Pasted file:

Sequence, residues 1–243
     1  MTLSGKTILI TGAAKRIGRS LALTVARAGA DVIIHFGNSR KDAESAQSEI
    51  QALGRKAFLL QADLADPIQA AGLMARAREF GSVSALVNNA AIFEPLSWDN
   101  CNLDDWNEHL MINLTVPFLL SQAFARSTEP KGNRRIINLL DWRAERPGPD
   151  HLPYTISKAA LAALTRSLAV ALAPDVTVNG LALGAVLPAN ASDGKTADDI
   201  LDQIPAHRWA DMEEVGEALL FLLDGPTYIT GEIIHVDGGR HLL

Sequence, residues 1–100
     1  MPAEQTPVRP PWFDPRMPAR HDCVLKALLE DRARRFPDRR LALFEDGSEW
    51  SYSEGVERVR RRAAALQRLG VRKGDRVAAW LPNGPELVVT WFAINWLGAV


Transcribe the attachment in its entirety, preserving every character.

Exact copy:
Sequence, residues 1–243
     1  MTLSGKTILI TGAAKRIGRS LALTVARAGA DVIIHFGNSR KDAESAQSEI
    51  QALGRKAFLL QADLADPIQA AGLMARAREF GSVSALVNNA AIFEPLSWDN
   101  CNLDDWNEHL MINLTVPFLL SQAFARSTEP KGNRRIINLL DWRAERPGPD
   151  HLPYTISKAA LAALTRSLAV ALAPDVTVNG LALGAVLPAN ASDGKTADDI
   201  LDQIPAHRWA DMEEVGEALL FLLDGPTYIT GEIIHVDGGR HLL

Sequence, residues 1–100
     1  MPAEQTPVRP PWFDPRMPAR HDCVLKALLE DRARRFPDRR LALFEDGSEW
    51  SYSEGVERVR RRAAALQRLG VRKGDRVAAW LPNGPELVVT WFAINWLGAV